By Lauren Dunec Hoang | Houzz
From September to the middle of fall, California enjoys some of the year’s best weather: cooler evenings followed by warm days, when the sun washes the hillsides with golden light. It’s a perfect season for planting. Planted perennials, ornamental grasses, lawns, shrubs and trees now settle easily into the warm soil, and will then use the cool winter months to establish their root systems. By spring, they’ll be ready to burst into growth.
Aside from getting ahead for next spring, there’s plenty to do now to reap instant rewards in the garden, such as refreshing beds with fall blooms and growing quick and easy crops like radishes and lettuces.
Plant perennials for color now. As you pull out annuals and cut back tired perennials from summer beds, fill holes with fresh late-season colorful perennials from the nursery. Select plants that are budding or just beginning to bloom to enjoy almost instant results. 20 Pretty Perennials to Plant for Fall Landscapes.
A few colorful late-summer perennials to consider:
Sneezeweed (Helenium spp.)
Black-eyed Susan (Rudbeckia hirta)
Blanketflower (Gaillardia spp.)
Coneflower (Echinacea spp.)
‘Autumn Joy’ stonecrop (Sedum ‘Autumn Joy’)
Chrysanthemum (Chrysanthemum spp.)
Try plants with burgundy and deep purple foliage. Another way to give washed-out beds a fall refresh is by deepening the color palette. Here, the mauve flower-like bracts and deep purple leaves of Euphorbia ‘Blackbird’ add richness to a Northern California front yard, along with silvery ‘Elijah Blue’ fescue (Fescue glauca ‘Elijah Blue’) and orange New Zealand wind grass (Anemanthele lessoniana). Other ideas for deep purple foliage: red-leaved Japanese maples (Acer palmatum), purple Chinese fringe flower (Loropetalum chinense) and purple-bronze New Zealand flax (Phormium spp.).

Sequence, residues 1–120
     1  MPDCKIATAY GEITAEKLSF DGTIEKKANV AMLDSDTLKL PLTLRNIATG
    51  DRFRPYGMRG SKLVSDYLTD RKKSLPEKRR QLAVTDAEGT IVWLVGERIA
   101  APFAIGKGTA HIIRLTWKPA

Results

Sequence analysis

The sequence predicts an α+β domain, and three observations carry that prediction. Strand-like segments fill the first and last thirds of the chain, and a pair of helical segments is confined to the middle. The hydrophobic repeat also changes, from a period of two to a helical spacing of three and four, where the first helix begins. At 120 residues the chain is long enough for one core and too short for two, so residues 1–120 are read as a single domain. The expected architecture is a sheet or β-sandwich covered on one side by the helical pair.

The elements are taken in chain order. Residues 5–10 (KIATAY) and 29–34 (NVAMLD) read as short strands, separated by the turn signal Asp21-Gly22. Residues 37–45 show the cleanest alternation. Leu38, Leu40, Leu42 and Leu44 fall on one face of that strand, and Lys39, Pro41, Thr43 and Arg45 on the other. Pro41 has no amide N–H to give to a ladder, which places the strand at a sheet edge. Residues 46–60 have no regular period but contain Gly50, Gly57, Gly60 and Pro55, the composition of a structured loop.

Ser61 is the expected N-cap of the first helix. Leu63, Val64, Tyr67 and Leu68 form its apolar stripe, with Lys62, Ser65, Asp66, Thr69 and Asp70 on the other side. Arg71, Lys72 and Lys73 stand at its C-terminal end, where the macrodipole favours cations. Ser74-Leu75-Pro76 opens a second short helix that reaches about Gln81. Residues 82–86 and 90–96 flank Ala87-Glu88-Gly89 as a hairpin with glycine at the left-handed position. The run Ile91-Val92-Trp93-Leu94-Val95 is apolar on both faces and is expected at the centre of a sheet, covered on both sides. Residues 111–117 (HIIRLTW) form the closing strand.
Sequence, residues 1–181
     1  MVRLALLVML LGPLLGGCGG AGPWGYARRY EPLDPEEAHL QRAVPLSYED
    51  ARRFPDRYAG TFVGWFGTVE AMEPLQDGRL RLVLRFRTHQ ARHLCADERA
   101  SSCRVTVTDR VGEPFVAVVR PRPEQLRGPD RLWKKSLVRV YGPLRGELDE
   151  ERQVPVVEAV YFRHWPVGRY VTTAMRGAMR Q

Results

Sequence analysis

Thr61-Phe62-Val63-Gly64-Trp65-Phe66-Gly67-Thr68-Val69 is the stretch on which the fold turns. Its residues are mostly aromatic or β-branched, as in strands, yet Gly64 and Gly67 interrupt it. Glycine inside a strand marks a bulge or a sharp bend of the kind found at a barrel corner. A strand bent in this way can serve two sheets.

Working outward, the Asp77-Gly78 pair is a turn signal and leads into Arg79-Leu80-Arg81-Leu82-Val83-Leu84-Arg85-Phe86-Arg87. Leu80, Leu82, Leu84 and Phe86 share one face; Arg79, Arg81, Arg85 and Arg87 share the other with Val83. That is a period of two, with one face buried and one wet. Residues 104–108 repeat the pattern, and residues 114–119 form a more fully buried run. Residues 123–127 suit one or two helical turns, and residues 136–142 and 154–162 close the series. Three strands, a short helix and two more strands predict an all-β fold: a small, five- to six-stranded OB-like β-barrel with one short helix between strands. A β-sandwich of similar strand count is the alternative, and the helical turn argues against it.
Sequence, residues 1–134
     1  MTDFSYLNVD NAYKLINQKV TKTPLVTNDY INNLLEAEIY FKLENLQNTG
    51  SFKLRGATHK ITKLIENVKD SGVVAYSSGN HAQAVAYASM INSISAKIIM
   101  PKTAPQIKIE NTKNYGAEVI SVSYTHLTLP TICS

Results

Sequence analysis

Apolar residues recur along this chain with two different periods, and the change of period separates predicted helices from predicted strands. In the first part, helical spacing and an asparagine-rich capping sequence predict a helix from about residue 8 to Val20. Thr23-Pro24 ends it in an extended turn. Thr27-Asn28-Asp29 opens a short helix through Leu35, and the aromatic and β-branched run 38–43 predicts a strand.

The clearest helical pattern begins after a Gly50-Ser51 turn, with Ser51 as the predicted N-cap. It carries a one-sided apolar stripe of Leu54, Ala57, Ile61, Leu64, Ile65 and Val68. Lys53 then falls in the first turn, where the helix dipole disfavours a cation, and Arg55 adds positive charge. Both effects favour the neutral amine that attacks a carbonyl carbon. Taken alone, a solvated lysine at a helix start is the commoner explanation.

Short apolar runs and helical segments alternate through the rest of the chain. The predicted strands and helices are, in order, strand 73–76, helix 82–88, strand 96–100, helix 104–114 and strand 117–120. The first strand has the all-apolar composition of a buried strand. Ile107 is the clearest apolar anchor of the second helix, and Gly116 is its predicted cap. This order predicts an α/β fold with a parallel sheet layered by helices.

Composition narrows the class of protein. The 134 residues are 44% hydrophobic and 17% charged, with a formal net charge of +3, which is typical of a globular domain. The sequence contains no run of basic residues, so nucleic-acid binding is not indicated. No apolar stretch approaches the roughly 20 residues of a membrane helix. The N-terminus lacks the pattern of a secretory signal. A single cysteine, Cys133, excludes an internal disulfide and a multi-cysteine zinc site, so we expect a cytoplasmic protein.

Start your cool-season veggies. In beds that receive full sun, plant starts of chard, kale, cabbage, cauliflower, broccoli, Brussels sprouts and collard greens from the nursery. Plant root vegetables (carrots, radishes, beets) from seed.
Quick-growing salad greens (including lettuces, spinach, endive and mizuna) can be grown from either plant starts or seed. Try planting a colorful mix of deep red and purple lettuces and bright chartreuse lettuces, like romaine and butter lettuce varieties, in waves to form a border. These greens are just as attractive as ornamental plants but with far tastier rewards.
Keep an eye out for giant squashes. Most squash vines are a tangle this time of year, with sprawling stems and plenty of broad, scratchy leaves. It’s easy to miss zucchinis hiding beneath the foliage, and discover them only once they’re the size of baseball bats. Do a routine check for monster squashes, and pick the soft-skinned varieties when they’re small and tender. Leave hard-skinned squashes such as gourds and pumpkins on the vine until the stem turns hard and brown and the squash makes a hollow sound when thumped. You can also cut back exuberant squash foliage to expose pumpkins to more sun and deepen their color. Pest Control Services in San Diego.